Tags: Foster | children | Support | 18

Foster Kids Need Support Past 18

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Tuesday, 24 Mar 2015 11:50 AM Current | Bio | Archive

Foster children face enough problems during their early life without being discarded at age 18.
 
In 24 states foster children celebrate their 18th birthday by being told to hit the road by state government. By blowing out the candles on their birthday cake, state bureaucrats magically decree the former foster children are now fully functioning adults and all state support for them ends.
 
At age 18 children living in intact families are thinking about graduating from high school or where they want to go to college.
 
These 18-year-old foster children are wondering if they will have a roof over their heads and if they can afford to eat. College and career plans disappear in an avalanche of short-term survival anxiety.  
 
As the Columbus Dispatch points out, these instant adults “become members of Ohio’s most at-risk population. These “adults” are more likely to drop out of school, become parents before they are ready, experience homelessness, fall victim to human trafficking, be unemployed or incarcerated — circumstances that often doom the young person to failure and costly consequences for us all.”
 
I certainly wasn’t ready to assume all the responsibilities of adulthood at age 18 and I’ll wager most of my readers weren’t ready either. If Obamacare can keep children on the parent’s health insurance plan until age 26, it seems to me that the states can keep foster children on the foster rolls until they reach the age of 21.
 
Fortunately there soon may be one less show-them-the-door-at-18 state. The Ohio legislature is considering a bill that would continue foster care support past the age of 18 for foster children that are working part time or are in high school or college. These teenagers would continue in the foster care system until they reach age 21 and become true adults.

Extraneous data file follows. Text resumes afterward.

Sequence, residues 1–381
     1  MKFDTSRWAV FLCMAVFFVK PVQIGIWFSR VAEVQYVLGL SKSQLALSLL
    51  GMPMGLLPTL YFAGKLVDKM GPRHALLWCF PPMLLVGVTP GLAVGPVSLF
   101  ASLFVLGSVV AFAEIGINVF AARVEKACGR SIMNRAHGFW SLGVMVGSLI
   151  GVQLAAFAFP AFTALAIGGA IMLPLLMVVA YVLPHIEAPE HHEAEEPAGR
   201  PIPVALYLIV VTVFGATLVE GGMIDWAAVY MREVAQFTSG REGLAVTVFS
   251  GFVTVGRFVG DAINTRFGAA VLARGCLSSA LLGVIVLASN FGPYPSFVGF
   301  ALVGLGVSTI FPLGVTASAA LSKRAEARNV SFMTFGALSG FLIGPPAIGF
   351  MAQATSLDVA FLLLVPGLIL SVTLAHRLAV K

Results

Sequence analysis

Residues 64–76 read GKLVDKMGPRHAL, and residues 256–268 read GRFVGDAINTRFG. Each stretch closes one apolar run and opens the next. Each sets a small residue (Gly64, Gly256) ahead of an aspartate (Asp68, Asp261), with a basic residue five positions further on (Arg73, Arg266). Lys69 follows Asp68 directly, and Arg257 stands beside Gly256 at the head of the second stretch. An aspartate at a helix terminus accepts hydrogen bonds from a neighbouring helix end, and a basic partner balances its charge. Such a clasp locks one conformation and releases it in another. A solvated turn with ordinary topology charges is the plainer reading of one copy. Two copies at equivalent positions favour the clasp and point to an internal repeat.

Part of the argument made for the bill’s passage is economic: Foster children who age out cost the state an average of $300,000 in social costs over the former foster child’s lifetime. Supporters of the bill estimate that after six years the state will break even on tax dollars spent.
 
And after 10 years Ohio will experience a positive revenue gain.
 
And that’s all well and good, but the real reason to pass this bill and extend foster care until age 21 is it’s the right and moral thing to do.
 
Michael Reagan is the son of President Ronald Reagan. He is president of The Reagan Legacy Foundation and chairman of the League of American Voters. Mike is an in-demand speaker with Premiere. Read more reports from Michael Reagan — Go Here Now.
 
 

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Foster children face enough problems during their early life without being discarded at age 18. In 24 states foster children celebrate their 18th birthday by being told to hit the road by state government.
Foster, children, Support, 18
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2015-50-24
Tuesday, 24 Mar 2015 11:50 AM
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